Coffee prices bucked a negative trend in farm commodities after coffee producers in Colombia, downgraded their output estimate for the third time in four months, amid growing fears for the revived La Nina weather pattern.
Genaro Munoz, head of Colombia’s coffee growers’ federation, said that the coffee crop in the world’s second-ranked producer of arabica beans would come in at 8m bags this year, taking it 200,000 bags from matching a 35-year low.
The revised figure was below the 8.5m bags the federation forecast last month, and initial hopes of a 9.5m-bag crop, an estimate which was cut to 9m bags in August.
The downgrade was blamed on unusually strong rains, which official meteorologists see lasting into next year because of the La Nina weather pattern, which causes disruption particularly in the southern hemisphere is taking a higher profile.
Indeed, the United Nations on Thursday said that the La Nina was "expected to persist through the end of this year and into early 2012, possibly strengthening to moderate intensity".
On agricultural commodities markets, the return of the weather pattern has prompted official meteorologists in Malaysia, the second ranked producer of palm oil, to warn of severe monsoon rains, helping palm oil futures set a five-month high of 3,270 ringgit a tonne in Kuala Lumpur on Friday, up 18% from an early October low.
"Underlying palm oil sentiment is improving due to lower production expectations from the fourth quarter, as dominant South East Asian producers enter the rainy season and the La Nina weather pattern is seen returning," Ker Chung Yang at Singapore-based Phillip Futures.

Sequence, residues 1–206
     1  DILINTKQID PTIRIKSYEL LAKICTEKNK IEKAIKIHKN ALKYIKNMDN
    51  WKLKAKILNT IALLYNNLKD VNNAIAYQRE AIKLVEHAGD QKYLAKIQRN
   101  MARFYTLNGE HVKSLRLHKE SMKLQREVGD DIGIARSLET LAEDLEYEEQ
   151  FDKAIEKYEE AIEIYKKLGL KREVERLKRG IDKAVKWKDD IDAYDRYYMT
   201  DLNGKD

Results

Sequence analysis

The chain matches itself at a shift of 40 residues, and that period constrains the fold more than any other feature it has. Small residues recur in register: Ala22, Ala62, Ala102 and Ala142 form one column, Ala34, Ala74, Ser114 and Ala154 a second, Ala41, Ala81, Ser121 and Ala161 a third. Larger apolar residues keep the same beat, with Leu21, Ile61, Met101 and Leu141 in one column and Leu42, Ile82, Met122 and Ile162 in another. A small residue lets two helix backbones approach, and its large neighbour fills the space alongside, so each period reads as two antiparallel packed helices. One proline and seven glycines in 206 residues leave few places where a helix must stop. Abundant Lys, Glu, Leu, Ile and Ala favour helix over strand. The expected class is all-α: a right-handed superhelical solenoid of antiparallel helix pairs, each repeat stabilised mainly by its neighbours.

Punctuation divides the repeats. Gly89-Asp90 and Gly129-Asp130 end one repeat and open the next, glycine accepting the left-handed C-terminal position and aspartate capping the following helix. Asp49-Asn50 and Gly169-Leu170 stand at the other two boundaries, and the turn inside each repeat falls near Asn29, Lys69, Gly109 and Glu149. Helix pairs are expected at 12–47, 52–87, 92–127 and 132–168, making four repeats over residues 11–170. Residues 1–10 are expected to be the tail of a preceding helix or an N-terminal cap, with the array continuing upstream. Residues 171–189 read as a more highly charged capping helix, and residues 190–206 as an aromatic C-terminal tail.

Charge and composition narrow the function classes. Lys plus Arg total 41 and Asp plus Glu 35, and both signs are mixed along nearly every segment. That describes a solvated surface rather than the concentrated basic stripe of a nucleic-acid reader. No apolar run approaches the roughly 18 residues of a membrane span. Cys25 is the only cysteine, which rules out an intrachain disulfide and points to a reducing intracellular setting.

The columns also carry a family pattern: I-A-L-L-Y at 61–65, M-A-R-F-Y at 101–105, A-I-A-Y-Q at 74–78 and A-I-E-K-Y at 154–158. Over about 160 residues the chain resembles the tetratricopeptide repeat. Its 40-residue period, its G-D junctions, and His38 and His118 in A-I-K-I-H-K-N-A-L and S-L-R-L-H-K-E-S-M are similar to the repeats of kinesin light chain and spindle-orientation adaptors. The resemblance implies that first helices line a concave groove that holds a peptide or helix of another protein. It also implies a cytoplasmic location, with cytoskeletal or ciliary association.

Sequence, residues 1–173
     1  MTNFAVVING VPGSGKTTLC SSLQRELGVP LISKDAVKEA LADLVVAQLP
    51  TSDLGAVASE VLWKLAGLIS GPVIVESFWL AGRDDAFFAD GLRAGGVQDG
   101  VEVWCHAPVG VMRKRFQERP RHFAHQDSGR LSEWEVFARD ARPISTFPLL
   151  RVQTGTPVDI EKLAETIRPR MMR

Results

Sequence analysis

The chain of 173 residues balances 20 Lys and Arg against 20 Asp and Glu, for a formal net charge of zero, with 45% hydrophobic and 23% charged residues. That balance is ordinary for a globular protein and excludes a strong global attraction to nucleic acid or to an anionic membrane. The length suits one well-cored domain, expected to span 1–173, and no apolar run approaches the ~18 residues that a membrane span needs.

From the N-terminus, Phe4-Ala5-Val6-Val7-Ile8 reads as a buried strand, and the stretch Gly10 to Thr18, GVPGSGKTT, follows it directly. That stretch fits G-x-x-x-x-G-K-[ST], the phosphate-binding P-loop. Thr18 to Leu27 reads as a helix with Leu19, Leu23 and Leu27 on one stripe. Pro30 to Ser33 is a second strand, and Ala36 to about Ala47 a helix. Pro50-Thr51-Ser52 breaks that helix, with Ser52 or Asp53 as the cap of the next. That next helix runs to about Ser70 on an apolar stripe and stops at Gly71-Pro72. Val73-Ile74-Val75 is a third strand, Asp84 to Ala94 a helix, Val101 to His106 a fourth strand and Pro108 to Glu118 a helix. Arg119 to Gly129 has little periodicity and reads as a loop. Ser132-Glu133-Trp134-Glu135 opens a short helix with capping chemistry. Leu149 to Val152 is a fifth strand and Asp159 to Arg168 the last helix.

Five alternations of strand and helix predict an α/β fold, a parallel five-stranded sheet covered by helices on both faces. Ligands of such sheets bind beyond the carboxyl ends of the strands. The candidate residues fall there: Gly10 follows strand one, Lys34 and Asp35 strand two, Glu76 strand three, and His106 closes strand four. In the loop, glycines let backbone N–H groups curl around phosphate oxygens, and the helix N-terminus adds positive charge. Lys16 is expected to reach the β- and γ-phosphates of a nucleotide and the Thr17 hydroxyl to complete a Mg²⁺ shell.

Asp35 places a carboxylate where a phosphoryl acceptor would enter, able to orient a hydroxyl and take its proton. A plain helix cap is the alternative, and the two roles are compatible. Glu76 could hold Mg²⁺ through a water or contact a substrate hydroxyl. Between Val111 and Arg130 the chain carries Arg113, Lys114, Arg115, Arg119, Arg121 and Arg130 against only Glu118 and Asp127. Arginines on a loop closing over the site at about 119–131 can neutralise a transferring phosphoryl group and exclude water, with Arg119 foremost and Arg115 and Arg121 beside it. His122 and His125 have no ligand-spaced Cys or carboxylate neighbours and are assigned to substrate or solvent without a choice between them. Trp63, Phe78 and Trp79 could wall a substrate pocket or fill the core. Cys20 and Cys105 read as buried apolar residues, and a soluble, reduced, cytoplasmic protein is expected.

The La Nina is also being closely followed on grain markets, given a drier outlook consistent with the weather pattern, which can cause damaging dryness, particularly in Argentina.
"It is a little early to start getting worried, we are about a month away from that yet, but it is something that has got people’s attention," Mike Mawdsley at Iowa-based broker Market 1 said.
‘Hit the sector hard’
Mr Munoz said that "without a doubt, the rainy season hit the sector hard," interrupting flowering on coffee trees, besides encouraging the spread of the roya fungus, which cuts yields by hampering photosynthesis.
Colombia’s coffee output fell in October for a seventh successive month, to 592,000 bags, taking total production for the first 10 months of 2011 to 6.23m bags, an 8% decline year on year.
The downgrade helped arabica coffee for March delivery close up 1.2% at 238.85 cents a pound in New York.
However, cocoa, for which La Nina is seen as helpful to production, by bringing beneficial levels of rainfall to West Africa, closed down 1.9% at $2,458 a tonne for March.